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Radio host Michael Smerconish spoke at the Perelman Center for Political Science and Economics for a conversation hosted by the SNF Paideia and Red and Blue Exchange Program on Oct. 2. Credit: Victoria Navarrete-Ortiz

The Gamba Family Red and Blue Exchange, an initiative of the Stavros Niarchos Foundation Paideia Program, hosted a discussion on the role of the media in contemporary politics on Monday.

The conversation featured 1987 Penn Carey Law graduate and media personality Michael Smerconish. The event was titled "Polarization and the Media in American Politics" and was held in the auditorium of the Perelman Center for Political Science and Economics. 

Smerconish is the host of Smerconish on CNN and the host of his daily radio show on SiriusXM. He is regarded as "one of the few voices in the media who can’t be pigeonholed ideologically," according to the event description on the Paideia website.

Political historian and 2006 College graduate Brian Rosenwald, who is also a scholar in residence at the College of Liberal and Professional Studies, moderated the event. Rosenwald asked Smerconish various questions surrounding his upbringing, political opinions, and the media’s role in American polarization. 

Smerconish spoke about how he grew up in Pennsylvania and was brought into the world of politics when his father decided to run for a seat in the Pennsylvania State Legislature in the spring of his senior year of high school. 

“I became totally caught up in his campaign. I accompanied him everywhere, stood at grocery stores and handed out rulers that had our name on them, and so forth. I was totally taken with the whole process,” said Smerconish.

While in law school, Smerconish said he remained “active in Republican politics” and transitioned his way into media work. 

“I was contacted by one of the local network affiliates to be a talking head on an election and the ego of it consumed me. I also thought I had a skill set for it, and I just hung with it,” Smerconish shared.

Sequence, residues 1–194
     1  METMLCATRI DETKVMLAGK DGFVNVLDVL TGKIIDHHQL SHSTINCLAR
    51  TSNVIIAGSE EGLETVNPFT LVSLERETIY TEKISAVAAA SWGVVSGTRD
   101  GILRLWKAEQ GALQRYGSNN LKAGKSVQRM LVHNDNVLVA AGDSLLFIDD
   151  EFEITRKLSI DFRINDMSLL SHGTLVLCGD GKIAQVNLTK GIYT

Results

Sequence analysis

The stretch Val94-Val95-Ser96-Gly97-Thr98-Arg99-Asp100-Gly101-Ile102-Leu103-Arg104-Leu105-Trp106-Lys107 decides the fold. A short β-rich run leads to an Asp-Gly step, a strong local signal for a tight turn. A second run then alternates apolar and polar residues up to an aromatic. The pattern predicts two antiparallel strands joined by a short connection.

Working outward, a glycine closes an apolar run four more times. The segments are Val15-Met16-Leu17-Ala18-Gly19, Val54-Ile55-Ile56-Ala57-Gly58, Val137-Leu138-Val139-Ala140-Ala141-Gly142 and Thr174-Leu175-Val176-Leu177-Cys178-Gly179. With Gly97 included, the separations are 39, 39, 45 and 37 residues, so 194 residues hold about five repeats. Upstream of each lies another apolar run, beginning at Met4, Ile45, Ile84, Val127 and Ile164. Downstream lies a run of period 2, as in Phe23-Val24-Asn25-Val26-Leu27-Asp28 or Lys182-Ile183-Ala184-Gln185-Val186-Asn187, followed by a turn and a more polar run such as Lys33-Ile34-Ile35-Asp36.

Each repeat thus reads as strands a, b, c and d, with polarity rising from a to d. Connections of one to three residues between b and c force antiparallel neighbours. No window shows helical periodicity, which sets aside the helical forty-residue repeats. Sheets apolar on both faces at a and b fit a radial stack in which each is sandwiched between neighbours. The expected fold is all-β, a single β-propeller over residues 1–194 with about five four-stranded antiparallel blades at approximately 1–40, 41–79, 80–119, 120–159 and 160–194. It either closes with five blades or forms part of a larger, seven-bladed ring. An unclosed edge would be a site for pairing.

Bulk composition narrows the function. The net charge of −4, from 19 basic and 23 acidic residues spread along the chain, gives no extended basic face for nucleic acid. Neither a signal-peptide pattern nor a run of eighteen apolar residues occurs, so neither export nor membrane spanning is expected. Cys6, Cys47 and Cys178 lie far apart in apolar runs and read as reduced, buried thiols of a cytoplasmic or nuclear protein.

Rosenwald then shifted the discussion to focus on Smerconish’s identity as an independent and what this means in his role in the media. When asked what it was like to be “the guy in the middle,” Smerconish said, “lonely.”

“I think there’s a perception that if you’re not one or the other, then you’re blank and you’re lacking in personality and opinion. I have plenty of opinions, they just don’t stack up into some faux ideological boxes that when you really think about them, there’s no connection to them anyway,” Smerconish said.

Smeroncish also shared personal stories and opinions on how the media is shaping the American political system and the sense of polarization that is being felt by many Americans today. 

“When Fox and MSNBC came online, in the mid-'90s, they took a page out of what was going on in the world of talk radio and it was immensely successful from a business standpoint. But it took the political audience and politicians in a very, very ideologically driven direction,” Smerconish said.

Rosenwald also asked Smerconish to explain whether he believed the cable media was serving Americans well. Smerconish’s response attributed the problem of polarization not only to the media itself, but its viewers as well.

“I’ll say that the cable media, of which I’m a member, is not serving us well. But it’s also the fault of people who have so much choice and are lazy. I mean, my God, we have never had as much opportunity to absorb so much content as we do today,” Smerconish said.

Smerconish also shared his thoughts on the importance of giving platforms to individuals on all sides of the political spectrum, adding how he interviews guests on his own show and features stories in his newsletters that showcase all perspectives. 

“I try to give people what I think we most need, which is a balanced media diet," he said.

Smerconish is not the first national figure to speak at an SNF Paideia event. Last month, former United States Senator Richard Burr discussed artificial intelligence and health care policy. In April 2022, former National Security Advisor John Bolton spoke to students about his relationship with former president and 1968 Wharton graduate Donald Trump.